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Nutrient and biotic properties of mormoder and leptomoder humus forms in the coastal western hemlock.. Klinka, Karel; Fons, Jaume; Chourmouzis, Christine 1997-04-17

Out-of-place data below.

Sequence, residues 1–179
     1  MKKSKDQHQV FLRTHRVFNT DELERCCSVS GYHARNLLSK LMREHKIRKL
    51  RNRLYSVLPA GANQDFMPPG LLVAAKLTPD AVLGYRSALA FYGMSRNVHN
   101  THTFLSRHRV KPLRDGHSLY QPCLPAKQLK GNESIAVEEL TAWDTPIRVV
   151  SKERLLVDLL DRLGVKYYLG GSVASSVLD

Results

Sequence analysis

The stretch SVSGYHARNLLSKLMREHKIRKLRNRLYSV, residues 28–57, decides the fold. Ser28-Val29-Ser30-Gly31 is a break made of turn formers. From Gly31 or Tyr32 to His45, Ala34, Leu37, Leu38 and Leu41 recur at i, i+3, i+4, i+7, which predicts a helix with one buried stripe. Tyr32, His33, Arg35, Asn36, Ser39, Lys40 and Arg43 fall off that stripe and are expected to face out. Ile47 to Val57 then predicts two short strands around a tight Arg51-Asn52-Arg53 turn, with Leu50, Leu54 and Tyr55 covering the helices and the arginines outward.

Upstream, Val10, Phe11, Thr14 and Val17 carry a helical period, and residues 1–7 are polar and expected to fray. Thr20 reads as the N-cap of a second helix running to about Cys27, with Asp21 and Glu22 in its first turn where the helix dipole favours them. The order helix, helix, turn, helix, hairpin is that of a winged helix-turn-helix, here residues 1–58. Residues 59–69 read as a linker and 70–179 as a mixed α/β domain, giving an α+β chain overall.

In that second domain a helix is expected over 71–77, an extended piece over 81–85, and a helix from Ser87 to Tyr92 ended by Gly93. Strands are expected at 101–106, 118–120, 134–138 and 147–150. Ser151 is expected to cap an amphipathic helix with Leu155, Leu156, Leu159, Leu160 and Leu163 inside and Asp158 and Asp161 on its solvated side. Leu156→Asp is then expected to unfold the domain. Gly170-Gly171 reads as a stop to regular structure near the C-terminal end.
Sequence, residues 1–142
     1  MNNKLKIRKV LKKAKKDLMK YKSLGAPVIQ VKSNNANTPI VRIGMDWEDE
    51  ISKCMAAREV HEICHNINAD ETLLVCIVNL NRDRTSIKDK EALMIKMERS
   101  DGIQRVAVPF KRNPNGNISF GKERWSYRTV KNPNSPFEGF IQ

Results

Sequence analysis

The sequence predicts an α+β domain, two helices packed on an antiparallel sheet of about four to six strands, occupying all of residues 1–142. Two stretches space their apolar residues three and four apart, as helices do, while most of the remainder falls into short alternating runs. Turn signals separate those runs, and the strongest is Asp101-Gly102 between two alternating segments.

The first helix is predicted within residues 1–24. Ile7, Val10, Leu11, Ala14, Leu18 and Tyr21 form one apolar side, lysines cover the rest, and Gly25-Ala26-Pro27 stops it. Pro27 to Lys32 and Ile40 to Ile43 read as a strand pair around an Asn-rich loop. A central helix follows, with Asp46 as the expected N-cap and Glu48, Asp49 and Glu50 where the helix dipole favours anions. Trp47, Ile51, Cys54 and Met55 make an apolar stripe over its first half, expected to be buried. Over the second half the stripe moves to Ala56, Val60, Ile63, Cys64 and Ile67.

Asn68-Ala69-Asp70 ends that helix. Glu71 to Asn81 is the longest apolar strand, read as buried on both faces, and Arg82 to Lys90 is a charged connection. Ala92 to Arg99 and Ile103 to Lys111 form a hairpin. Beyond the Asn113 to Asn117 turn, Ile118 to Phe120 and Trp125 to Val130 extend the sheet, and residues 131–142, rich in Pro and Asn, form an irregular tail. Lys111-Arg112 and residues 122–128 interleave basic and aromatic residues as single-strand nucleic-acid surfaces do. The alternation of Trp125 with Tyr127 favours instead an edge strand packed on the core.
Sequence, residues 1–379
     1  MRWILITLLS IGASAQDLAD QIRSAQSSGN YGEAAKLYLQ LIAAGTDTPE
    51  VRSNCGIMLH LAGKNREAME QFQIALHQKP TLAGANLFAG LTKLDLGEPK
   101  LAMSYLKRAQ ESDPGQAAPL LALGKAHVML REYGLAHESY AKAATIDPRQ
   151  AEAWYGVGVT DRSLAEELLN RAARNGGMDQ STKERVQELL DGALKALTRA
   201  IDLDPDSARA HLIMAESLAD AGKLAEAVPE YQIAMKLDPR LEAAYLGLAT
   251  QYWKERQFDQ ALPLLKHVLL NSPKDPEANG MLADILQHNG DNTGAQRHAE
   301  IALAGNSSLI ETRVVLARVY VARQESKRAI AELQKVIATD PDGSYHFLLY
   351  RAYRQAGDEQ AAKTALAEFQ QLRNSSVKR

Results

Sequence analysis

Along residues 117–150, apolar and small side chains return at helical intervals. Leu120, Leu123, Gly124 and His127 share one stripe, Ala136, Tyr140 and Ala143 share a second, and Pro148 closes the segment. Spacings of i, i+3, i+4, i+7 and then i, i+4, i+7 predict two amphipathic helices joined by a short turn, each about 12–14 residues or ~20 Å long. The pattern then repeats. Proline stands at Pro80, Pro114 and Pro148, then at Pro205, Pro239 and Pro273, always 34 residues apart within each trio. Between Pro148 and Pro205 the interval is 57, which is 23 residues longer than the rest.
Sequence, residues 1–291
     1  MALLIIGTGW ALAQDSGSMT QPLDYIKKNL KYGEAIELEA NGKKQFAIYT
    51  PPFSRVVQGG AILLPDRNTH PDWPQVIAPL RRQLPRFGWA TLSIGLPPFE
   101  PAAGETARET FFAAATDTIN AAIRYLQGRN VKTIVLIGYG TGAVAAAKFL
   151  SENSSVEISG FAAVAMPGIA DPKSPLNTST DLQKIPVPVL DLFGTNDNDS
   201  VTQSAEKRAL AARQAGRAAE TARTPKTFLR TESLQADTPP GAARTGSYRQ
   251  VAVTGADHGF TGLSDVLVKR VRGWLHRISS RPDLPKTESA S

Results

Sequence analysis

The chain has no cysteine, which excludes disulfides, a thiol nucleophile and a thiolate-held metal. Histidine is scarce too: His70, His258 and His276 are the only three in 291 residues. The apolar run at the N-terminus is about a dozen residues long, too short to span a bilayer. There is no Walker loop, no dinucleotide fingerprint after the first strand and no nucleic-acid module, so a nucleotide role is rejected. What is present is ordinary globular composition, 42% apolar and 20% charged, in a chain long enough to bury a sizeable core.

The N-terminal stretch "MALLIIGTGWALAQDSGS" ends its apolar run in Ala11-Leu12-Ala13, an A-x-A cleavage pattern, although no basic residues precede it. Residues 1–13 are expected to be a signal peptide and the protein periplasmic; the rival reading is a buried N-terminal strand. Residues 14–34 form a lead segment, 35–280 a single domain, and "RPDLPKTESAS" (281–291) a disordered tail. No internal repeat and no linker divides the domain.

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Scientia Silvica Extension Series, Number  8, 1997Nutrient and Biotic Properties of Mormoder and LeptomoderHumus Forms in the Coastal Western Hemlock ZoneIntroductionIn British Columbia, humus form identification is widely useto  infer  the  level  of plant-available soil  nutrients. Thisidentification is based on field-observable (morphological)features.  We recognize  three  major humu forms:  Mors,Moders, and Mulls -  which are differentiated according tothe type of F horizon, and the presence/absence of organicmatter-enriched Ah horizons.Mors represent  humus forms  where decomposition isdominated by fungi,  with slow  decomposition rates  andaccumulations of organic matter on the  soil surface. Morsare characterized by the presence of a Fm (m - mycogenous)horizon. In contrast, Mulls represent humus forms with highrates  of decomposition and faunal  activity resulting  inorganic matter being intimately incorporated into the uppermineral soil  layer  instead  of accumulating on its  surface.Intermediate on the humus form gradient from Mors to Mullare the  Moders.   Moders are similar  to  Mors in  that  theyhave accumulations of organic matter on the surface of themineral soil but decomposition is not fungus dominated, sothey lack the diagnostic Fm horizon.  The central concept ofthe  Moder is  represented  by the  Leptomoder,  which ischaracterized by a Fz (z - zoogenous) horizon with an activepopulation of soil meso- and microfauna, fungal mycelia arenot present or present in small amounts. When both fungalmycelia and faunal  droppings can be found,  but neitherclearly predominate over the other, an Fa (a - amphimorphic)horizon  results.  Fa  horizons  are  characteristic  ofMormoders, an integrade between Mors and Moders.Considering the prevalence of  Mormoders and Leptomodersin  B.C. and the  difficulties in  identifying  Fa horizons, theaim  of  this  study  was  to  determine  whether  themorphological features  used to  differentiate these  twoModer humus forms  reflects  differences in  their physical,chemical and biotic properties.Study StandsThe study was conducted in the submontane variant of theVery Wet Maritime Coastal Western Hemlock (CWHvm1)subzone.  The study  stands  represented  the  stem  exclusionFigure 1. Humus form profiles of a typical Leptomoder andMormoder.;;;;;LFzHz/h;;;;;LFaHhLeptomoder Mormoderand understory reinitiation  developmental stages  on siteswith fresh  soil  moisture regime,  medium soil  nutrientregime, and good soil aeration). Two stands were located ineach of three adjacent watersheds  (Capilano, Seymour, andCoquitlam), for a total of 6 stands.Differences in field-observable propertiesMormoders and Leptomoders were differentiated by thepresence of Fa and Fz horizons, respectively (Figure 1). InFz horizons, recognizable plant residues are aggregated in amatted structure  with a  tenacious consistency and fungalmycelia and fine  roots  are abundant. In  Fa horizons partlydecomposed plant residues  are aggregated into  a weak tomoderate, non-compact matted structure  and both fungalmycelia and faunal  droppings are present but neitherdominate.No significant  differences were detected in  the  thicknessof LF and H horizons between the  two  humus forms:  themean thickness  of the  LF and the  H horizon, respectively,was 3.4 and 5.1 for  Mormoders, and 3.6 and 5.0 cm forLeptomoders.Differences in nutrient and bioticpropertiesNutrientsMormoders are nutrient-poorer than  Leptomoders. Twoindices  of easily available plant nutrients -  C:N ratio  andmineralizable-N - which were strongly correlated, accountedfor most of the differentiation. In Mormoders, the C:N ratiowas significantly higher and concentrations of mineralizable-N significantly  lower.    Mormoders also had significantlyhigher  total  C  concentrations  in  H  horizons  thanLeptomoders.Fungi and BacteriaIn  the  LF horizon, Leptomoders had greater bacterialbiomass than Mormoders. Fungal biomass was not different,even though  fungal presence (i.e.  Fa horizon) is  used as adiferentiating feature between the two Moders. Mormodershad significantly higher amounts of fungi in the H horizon,which is  not a diagnostic feature  for  identification.  Thediscrepancy between estimates of abundance of fungalmycelia  from  visual  examination  and  analyticaldetermination may be due to  the  subjective  nature andinaccuracy of visual inspection.BiotaThirty-one major groups of soil fauna were extracted duringthree  sampling  periods, with no significant  differences infaunal density between sampling times.  Roundworms werethe most abundant group in both humus forms, followed bymites and springtails - these 3 groups accounted for approxi-mately 97% of the total number of soil fauna. Some differ-ences between the Moders were observed in the  less  abun-dant groups. For example, spiders  were only observed inMormoders, the  density of pseudoscorpions was higher inLeptomoders, and the density of annelids (Enchytraeidae) wasslightly higher in Mormoders.Relationship between bioticand nutrient propertiesIn  the  LF horizon there  was a correlation between thefungal:bacterial  biomass ratio  and the  nutrient properties;the fungal:bacterial biomass ratio was higher in Mormoders.This ratio was strongly positively correlated with C:N ratioand inversely  related  to  mineralizable-N:total N ratio,  anexpression of plant-available  soil  N. These relationshipsconfirm that  fungus-dominated  humus forms  have slowerlitter  decomposition and greater nutrient retention.Can field-identified Mormoders andLeptomoders be seggregated by theirnutrient and biotic properties ?The chemical and biotic properties of   the  24 plots (12 perhumus form: 3 stands x 4 samples per stand) were used in acluster analysis. Three clusters were idendified.    Cluster  1(11 plots) included most of the Leptomoders (10 plots) andonly one Mormoder plot.   Cluster  3 contained onlyMormoders (9  plots). Cluster 2 (4  plots) was the  smallestcluster,  containing the  same  number of Mormoders andLeptomoders (2  plots each). Based on the  memberships ineach cluster, we considered that 83% of Leptomoders in clus-ter  1 and 75% of Mormoders in  cluster 3 had well definedmorphological, chemical, and biotic properties,  and hencecould be well segregated by any of these  properties. How-ever,  17% of samples identified  as Leptomoders (2  plots)and 25% of samples identified as Mormoders (3 plots) hadsimilar nutrient and biotic properties.Summary and ConclusionsMormoders and  Leptomoders  identified  by  visualexamination were different in  their  nutrient and bioticproperties; however,  the  differentiation  based on theseproperties was not completely successful as 25% of the studysamples overlapped in  their  nutrient and biotic properties.This implies that there is an imperfect relationship betweenfield-observable  and biotic properties; however,  bioticproperties appear to be closely linked to nutrient properties.These results  suggest  some  improvement of  visualidentification  criteria would be beneficial, such  asdeveloping measures for  more precise estimates of fungaland bacterial biomass in the both F and H horizons.ReferenceFons, J. and K. Klinka. 1998. Chemical and biotic propertiesand temporal  variation of Moder humus forms  in  the  rainforest near Vancouver, British Columbia. Geoderma 86: 83-98.Scientia Silvica  is published by the Forest Sciences Department,The University of British Columbia, ISSN 1209-952XEditor: Karel Klinka (klinka@interchange.ubc.ca)Research: Jaume Fons (jfons@filnet.es) and K. KlinkaProduction and design: C. Chourmouzis (chourmou@interchange.ubc.ca)Financial support: Forest Renewal British Columbia and the SpanishMinistry of EducationFor more information contact: K. KlinkaCopies available from:  www.forestry.ubc.ca/klinka, orK.Klinka, Forest Sciences Department, UBC,3036-2424 Main Mall, Vancouver, BC, V6T 1Z4